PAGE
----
25. What do you feel are the most significant contributions of a manager in the workplace?
Have them describe exacting examples of daily acts of service and team motivation.
26. How did you demonstrate your most significant contribution in your past jobs as a manager?
Similar to the question above, only personal to them.
27. How you have managed employee performance in the past?
Find out how they approached employees who were struggling. Get situational examples.
28. Describe the process you have used for performance feedback.
Red flags are those who are overly critical or afraid to be critical at all. You want someone who can use the sandwich method: begin with positive feedback, insert a constructive criticism, end with one more bit of positive feedback.
29. How have you rewarded an employee’s excellent performance and hard work?
A manager that promotes genuine affirmation, gratitude, positivity, and ample reward for their employees is pure gold.
If you can’t meet job candidates in person, you might need phone interview questions.
Here are 10 phone interview questions for managers:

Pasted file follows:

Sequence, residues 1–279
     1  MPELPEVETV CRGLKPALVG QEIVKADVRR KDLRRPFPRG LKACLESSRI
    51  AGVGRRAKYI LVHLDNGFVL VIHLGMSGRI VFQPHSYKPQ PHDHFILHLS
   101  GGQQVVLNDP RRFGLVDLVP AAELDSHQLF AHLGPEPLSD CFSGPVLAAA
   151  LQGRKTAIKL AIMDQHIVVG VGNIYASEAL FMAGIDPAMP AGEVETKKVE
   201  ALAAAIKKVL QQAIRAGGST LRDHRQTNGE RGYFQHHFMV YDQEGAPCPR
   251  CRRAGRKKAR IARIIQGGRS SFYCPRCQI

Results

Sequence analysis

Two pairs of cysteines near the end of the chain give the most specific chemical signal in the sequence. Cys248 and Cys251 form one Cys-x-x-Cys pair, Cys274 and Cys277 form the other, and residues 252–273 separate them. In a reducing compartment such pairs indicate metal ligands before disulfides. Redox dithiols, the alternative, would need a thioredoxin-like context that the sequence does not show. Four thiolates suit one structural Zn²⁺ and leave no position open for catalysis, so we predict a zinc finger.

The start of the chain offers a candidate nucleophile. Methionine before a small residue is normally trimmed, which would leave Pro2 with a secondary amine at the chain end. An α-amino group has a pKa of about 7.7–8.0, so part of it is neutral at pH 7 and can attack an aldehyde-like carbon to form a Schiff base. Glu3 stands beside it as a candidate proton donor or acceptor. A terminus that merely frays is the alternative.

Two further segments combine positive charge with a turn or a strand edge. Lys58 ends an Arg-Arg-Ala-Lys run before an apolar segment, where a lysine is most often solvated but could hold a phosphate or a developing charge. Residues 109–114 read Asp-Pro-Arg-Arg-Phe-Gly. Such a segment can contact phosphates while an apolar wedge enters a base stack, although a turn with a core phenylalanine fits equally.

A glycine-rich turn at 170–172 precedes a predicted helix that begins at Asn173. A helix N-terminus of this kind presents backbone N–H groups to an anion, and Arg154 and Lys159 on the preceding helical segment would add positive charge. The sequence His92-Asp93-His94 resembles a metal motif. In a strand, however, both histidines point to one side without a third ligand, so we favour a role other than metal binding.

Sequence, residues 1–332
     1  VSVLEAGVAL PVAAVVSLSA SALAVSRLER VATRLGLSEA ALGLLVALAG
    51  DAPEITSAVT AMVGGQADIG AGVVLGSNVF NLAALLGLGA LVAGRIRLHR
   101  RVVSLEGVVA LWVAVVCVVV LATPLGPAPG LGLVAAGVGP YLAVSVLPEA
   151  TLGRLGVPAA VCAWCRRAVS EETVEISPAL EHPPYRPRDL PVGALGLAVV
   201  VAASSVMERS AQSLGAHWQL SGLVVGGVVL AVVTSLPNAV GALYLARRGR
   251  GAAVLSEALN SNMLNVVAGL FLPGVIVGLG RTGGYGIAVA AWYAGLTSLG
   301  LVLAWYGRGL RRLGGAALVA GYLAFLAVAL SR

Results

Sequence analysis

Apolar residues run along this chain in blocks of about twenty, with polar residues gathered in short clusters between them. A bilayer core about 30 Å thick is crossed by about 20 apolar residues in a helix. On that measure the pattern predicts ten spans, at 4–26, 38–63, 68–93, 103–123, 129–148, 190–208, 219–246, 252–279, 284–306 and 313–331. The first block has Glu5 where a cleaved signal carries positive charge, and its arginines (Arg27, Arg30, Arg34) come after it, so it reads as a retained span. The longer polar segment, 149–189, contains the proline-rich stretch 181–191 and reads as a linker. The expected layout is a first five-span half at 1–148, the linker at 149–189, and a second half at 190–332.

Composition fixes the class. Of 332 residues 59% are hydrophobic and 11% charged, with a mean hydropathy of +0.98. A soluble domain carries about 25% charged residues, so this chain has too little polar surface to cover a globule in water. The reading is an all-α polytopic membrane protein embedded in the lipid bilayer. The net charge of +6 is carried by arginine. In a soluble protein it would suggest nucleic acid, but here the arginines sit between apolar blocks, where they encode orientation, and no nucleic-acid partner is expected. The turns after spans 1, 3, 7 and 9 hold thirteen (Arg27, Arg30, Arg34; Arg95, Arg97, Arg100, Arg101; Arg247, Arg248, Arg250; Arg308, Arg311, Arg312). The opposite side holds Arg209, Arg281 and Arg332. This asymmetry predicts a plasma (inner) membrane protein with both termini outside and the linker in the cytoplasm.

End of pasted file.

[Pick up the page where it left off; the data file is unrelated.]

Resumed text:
30. What interested you about this job/company?
Find out the exact personal values that align.
31. Why should we hire you?
Ask them point blank whether they possess and are aware of their own personal strengths. Listen for tone of voice. You’ll know if they’re telling you what they think you want to hear.
32. Why do you want to work here?
A truly passionate, aligned, and excited candidate will have done their research on your company and will be able to cite similarities between themselves and the current company culture.
33. Describe Your Current Job Responsibilities
On the surface, they might be different than the ones they’ll have with your company, but the skills required might be the same, e.g. really solid people skills can come through in infinite ways.
34. Where do you see yourself in 5 years?
How would this position serve the candidate on their long-term journey?
35. What was a challenging project, and how did you manage it?
How does the candidate deal with challenges? What do they consider challenges?
36. What’s your communication style?
Possibilities are visual, auditory, and experiential.
37. What’s your ideal project?
You’ll get an idea of what the candidate is expecting from the position.
38. Have you managed remote teams and outsourced resources?
Can the candidate keep remote workers in the loop and on the same page? What’s their experience with the necessary technology?
39. How do you deal when you’re overwhelmed or under-performing?
A person’s true colors come out in these states. You’ll get an idea of their flexibility, adaptability, mindfulness, and ability to self-reflect.
Hypothetical questions present candidates with challenging professional situations and ask them to describe how they would face such challenges.
Here are 10 hypothetical interview questions for managers: